The main difference between these securities is that mortgage brokers are employed by a sponsoring broker, while originators and mortgage loan officers are employed by a bank or mortgage company. Both mortgage brokers and MLOs are nationally authorized by the National Multistate Licensing System (NMLS). Throughout these steps, a loan officer performs the same role as a mortgage broker. The big difference between working with a mortgage broker and a loan broker comes at the beginning, during the buying phase, when you try to find the best deal on a mortgage.
Of all the parties involved in a mortgage, one of the first people you talk to is likely a home loan originator. They can also be referred to as a loan officer. If the MLO is a broker, your customers can pay you or receive a commission from the lender they partner with to close the loan. If the MLO is a loan officer, you will normally be paid an hourly rate or salary along with an accrued loan fee.
Too often, homebuyers don't understand the difference between a mortgage broker and a loan officer. A loan officer works directly for a lender, while a broker is an independent party that doesn't work for anyone. This way, a broker can apply for loans from many different parties. Loan officers help clients with the application process and are familiar with the loans offered by their financial institutions.
Unlike mortgage brokers, these people don't compare options between institutions. Instead, they focus on helping borrowers find a qualifying loan product that they can afford. They also know the rules of the banking industry and how these rules will apply to every loan application. Rocket Mortgage, LLC, Rocket Homes Real Estate LLC, RockLoans Marketplace LLC (trading as Rocket Loans), Rocket Auto LLC and Rocket Money, Inc.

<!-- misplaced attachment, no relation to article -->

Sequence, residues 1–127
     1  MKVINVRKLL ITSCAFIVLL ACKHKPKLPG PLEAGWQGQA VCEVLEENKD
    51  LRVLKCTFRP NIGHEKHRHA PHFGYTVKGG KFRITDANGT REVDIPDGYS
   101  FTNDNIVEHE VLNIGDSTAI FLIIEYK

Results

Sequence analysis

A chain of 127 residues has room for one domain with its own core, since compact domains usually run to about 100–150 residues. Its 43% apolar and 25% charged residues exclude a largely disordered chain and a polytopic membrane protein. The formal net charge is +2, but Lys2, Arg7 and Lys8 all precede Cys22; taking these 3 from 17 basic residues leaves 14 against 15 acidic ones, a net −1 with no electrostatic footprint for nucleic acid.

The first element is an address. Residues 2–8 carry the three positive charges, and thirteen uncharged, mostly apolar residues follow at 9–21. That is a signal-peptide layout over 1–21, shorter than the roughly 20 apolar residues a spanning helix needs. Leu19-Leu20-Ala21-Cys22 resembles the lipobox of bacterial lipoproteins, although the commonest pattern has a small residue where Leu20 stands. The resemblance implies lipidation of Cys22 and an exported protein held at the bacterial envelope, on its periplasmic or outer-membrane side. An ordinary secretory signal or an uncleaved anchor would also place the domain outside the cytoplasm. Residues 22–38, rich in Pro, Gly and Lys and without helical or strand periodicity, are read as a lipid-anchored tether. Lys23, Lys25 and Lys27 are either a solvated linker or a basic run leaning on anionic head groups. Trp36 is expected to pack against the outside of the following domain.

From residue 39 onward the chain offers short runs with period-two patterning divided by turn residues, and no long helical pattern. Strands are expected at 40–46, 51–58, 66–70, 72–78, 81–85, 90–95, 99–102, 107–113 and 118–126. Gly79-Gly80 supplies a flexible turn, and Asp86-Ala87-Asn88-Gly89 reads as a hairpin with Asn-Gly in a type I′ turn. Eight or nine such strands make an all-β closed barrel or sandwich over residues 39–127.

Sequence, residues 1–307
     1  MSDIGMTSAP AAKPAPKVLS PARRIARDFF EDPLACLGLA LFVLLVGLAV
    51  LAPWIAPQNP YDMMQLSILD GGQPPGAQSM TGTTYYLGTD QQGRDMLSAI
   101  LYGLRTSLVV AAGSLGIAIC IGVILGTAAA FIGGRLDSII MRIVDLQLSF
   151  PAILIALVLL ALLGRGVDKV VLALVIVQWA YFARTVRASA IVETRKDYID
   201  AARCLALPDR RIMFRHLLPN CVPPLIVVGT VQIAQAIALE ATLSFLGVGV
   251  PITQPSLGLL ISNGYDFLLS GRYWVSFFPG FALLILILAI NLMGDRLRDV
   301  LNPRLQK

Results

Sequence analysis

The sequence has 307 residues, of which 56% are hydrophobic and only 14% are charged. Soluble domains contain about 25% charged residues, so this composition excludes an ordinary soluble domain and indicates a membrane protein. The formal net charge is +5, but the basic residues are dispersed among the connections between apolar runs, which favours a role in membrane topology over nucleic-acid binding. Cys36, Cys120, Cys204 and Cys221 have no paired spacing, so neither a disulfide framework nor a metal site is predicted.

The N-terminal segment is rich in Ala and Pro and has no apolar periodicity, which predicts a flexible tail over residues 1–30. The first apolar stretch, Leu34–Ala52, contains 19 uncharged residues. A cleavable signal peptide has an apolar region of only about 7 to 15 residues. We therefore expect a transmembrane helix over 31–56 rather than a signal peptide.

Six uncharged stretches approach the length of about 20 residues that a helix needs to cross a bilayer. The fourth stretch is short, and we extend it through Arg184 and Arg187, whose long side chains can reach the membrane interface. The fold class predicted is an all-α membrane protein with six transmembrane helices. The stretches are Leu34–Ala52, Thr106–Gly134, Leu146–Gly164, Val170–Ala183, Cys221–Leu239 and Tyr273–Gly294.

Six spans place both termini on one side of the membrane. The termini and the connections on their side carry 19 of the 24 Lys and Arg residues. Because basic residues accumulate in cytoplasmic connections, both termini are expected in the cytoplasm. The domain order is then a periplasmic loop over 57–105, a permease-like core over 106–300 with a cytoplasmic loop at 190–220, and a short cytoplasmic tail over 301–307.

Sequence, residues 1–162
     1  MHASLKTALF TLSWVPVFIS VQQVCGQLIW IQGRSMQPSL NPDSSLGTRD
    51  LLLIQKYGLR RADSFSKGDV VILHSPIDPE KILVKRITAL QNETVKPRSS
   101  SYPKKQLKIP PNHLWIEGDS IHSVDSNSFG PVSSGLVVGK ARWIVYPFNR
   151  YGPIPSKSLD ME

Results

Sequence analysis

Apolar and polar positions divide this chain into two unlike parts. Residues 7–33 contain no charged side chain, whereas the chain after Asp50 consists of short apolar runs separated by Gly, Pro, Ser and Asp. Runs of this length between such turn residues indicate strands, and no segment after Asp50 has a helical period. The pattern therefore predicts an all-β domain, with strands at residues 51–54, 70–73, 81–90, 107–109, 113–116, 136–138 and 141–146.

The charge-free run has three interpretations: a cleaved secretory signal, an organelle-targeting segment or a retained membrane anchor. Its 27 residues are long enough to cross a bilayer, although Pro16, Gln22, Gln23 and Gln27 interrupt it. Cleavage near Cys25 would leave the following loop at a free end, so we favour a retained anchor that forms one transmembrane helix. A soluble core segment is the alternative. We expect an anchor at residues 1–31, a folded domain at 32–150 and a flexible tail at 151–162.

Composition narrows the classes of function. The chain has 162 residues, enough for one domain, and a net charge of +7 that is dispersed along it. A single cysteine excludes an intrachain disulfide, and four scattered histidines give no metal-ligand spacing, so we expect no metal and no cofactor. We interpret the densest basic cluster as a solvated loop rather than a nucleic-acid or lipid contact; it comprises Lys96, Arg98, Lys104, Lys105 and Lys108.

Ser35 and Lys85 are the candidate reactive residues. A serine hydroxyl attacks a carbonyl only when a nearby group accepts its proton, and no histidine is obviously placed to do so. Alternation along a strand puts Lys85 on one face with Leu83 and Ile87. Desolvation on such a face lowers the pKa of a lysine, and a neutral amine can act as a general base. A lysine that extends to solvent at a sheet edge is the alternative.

Although the loan agent is the person who works with you, the lender is the institution that initially funds the loan. When you call a bank or credit union to apply for a loan, provide supporting documents, or determine if you're pre-eligible, you'll talk to a loan officer. Very few banks or other lenders have a large number of loans in their portfolio to collect payments over the life of the loan because they prefer to get money faster to grant more loans. Mortgage brokers save time and energy by accepting an application that can be purchased from several lenders.
To compare various offers from loan officers, you'll need to submit mortgage applications to different lenders to receive quotes from each lender. By working with a mortgage broker or a loan officer, both help you complete your mortgage application and guide you through the process until your loan is funded. They may be able to offer you several types of loans (Federal Housing Administration (FHA), FHA 203 (k), conventional and jumbo) if the financial institution they work for offers them. If you're self-employed, retired, using assets instead of income to qualify, or belong to some other innovative applicant category, you might be better off having a mortgage broker or mortgage banker serve you better.
Loan officers help borrowers choose which mortgage product is best for their situation, but they can only sell the mortgage products offered by their lender. Mortgage bankers take your loan application, sign it, approve it, and guide you through the closing process. National banks must have federal records and do not require individual MLOs to obtain a loan originator license. If you decide to move forward, a loan officer will take your loan application and submit it to your company's insurance department.
While the term “home loan originator” can refer to the person who originated your home loan, it can also refer to the institution responsible for funding that loan. Loan officers can be advocates and educators for borrowers, but that's because their goals are aligned. .